Letterpress is one of the oldest forms of printing. It involves printing text with movable type, in which the raised face of the type is inked and then pressed against a smooth substrate to achieve the desired image. The letterpress process is referred to as a “relief” process because the printed image is produced from a plate in which the image area is slightly raised above the non-image surface of the plate.
Since most letterpress equipment produces only one color at a time, printing with more than one color can be challenging. The inking system on letterpress equipment is less precise than on offset presses, which can create problems with some graphics. However, an experienced printer can overcome many of these problems.
Equipment Used in Letterpress Printing
There are three different types of letterpress printing devices in use today: Platen, Flat-Bed, and Rotary presses.
Rotary Letterpress Printing – There are two types of rotary letterpresses, sheet-fed and web-fed. On a rotary sheet fed press, the plate is mounted on a cylinder where a roller system applies ink to the raised area of the plate. The paper passes between the plate cylinder and an impression cylinder where the resulting squeeze between the two cylinders produces the printed impression on the paper. Web-fed rotary letterpress presses are used primarily for printing newspapers. These presses utilize a plate and impression cylinder, but instead of individual sheets passing between the two cylinders, the paper is a continuous web unwound from a large roll. Typically, they can print up to four pages across the web; however, some of the new presses can print up to six pages across a 90-inch web. Rotary letterpress is also used for long-run commercial, packaging, book, and magazine printing.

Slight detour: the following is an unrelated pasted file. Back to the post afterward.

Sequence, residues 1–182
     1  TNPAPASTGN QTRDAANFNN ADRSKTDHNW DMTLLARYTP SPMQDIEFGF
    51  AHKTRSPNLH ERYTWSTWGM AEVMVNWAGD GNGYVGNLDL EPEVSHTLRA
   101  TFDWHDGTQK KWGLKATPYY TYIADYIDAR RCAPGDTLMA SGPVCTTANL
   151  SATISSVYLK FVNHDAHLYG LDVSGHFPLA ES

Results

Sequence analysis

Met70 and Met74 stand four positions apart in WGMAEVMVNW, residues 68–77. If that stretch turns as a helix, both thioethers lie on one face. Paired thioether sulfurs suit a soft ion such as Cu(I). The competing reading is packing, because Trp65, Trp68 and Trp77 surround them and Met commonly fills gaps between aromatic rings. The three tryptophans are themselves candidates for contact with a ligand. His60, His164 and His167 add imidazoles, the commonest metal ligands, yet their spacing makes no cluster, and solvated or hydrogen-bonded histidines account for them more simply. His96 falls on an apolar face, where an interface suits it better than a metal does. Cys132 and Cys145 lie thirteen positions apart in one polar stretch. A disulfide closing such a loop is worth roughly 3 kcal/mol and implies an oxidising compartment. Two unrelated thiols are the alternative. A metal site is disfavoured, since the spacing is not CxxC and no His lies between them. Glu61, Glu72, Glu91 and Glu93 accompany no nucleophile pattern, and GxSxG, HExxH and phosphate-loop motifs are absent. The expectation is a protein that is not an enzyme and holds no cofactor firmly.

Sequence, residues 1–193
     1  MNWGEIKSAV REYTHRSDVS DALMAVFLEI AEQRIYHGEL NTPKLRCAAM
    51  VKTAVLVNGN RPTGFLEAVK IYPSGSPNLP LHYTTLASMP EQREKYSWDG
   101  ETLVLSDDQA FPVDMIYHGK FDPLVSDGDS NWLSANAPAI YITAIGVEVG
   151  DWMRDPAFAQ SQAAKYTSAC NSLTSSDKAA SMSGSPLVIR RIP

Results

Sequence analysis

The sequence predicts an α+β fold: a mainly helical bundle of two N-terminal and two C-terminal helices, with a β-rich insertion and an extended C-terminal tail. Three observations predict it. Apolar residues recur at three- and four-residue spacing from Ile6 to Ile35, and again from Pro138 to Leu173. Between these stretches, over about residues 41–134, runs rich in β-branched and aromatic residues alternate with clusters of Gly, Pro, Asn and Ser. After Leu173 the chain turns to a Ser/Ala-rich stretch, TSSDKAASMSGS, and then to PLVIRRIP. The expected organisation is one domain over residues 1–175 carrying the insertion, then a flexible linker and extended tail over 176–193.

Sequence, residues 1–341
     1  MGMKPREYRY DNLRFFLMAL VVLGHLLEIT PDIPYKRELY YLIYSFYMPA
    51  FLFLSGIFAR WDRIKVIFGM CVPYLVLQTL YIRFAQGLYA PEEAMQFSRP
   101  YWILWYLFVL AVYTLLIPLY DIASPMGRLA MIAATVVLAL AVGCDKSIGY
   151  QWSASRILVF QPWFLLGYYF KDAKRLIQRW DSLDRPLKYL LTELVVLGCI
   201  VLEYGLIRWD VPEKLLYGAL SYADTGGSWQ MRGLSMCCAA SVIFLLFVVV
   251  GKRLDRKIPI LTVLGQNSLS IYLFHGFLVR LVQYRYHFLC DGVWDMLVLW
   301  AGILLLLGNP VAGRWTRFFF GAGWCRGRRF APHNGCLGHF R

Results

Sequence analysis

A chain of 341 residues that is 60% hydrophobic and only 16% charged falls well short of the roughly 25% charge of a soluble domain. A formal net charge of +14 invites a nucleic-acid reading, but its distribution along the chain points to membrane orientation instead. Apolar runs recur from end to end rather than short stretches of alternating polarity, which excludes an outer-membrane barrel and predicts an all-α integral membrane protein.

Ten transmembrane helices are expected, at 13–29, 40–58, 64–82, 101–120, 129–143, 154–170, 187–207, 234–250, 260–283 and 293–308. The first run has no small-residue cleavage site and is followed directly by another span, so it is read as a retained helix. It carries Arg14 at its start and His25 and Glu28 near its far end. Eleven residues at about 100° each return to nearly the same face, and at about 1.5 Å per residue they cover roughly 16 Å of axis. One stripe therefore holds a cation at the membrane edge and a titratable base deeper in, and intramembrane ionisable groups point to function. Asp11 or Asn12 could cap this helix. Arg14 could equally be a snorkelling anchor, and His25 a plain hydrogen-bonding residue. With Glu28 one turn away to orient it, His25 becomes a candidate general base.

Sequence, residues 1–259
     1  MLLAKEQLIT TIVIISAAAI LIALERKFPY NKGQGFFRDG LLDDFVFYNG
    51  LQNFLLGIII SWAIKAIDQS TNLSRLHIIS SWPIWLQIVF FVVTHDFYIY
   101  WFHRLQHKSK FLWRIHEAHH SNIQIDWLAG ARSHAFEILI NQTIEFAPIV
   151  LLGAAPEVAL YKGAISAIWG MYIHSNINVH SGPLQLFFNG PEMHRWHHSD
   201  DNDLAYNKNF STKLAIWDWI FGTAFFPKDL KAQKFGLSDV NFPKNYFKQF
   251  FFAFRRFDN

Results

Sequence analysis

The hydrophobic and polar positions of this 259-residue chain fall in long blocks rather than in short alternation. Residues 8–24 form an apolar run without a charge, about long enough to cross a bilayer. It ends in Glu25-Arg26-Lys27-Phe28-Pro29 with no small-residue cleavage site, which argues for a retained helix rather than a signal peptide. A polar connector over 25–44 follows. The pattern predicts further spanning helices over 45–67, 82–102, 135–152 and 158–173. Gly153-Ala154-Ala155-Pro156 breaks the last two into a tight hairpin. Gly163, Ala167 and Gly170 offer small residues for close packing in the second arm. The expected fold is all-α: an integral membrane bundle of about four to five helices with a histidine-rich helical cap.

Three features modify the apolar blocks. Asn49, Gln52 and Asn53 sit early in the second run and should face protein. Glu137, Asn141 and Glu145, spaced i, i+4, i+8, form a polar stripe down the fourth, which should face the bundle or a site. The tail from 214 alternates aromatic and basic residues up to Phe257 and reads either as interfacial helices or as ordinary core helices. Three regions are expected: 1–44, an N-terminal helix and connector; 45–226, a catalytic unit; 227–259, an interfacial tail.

Platen-type Letterpress Printing – A platen press is made up of two flat surfaces called the bed and the platen. The platen provides a smooth backing for the substrate that is to be printed. The raised plate (image to be printed) is locked onto a flat surface. The plate is inked, the substrate is then placed on another flat surface called the bed and pressed against the inked plate producing the impression. Platen printing is typically used for short runs such as invitations, name cards, and stationary. Larger platen presses are used for die-cutting and embossing.
Flat-Bed Cylinder Letterpress Printing – Flat-bed cylinder presses use either vertical or horizontal beds. The plate is locked to a bed which passes over an inking roller and then against the substrate. The substrate passes around an impression cylinder on its way from the feed stack to the delivery stack. The presses can print either one or two-color impressions. Flat-bed cylinder presses operate very slowly, having a production rate of not more than 5,000 impressions per hour.
Letterpress printing has since been replaced by offset printing and other processes, but it is still used for some newspapers, books, and limited edition prints. Letterpress printing may also be used for producing small quantities of business cards, letterhead, and posters.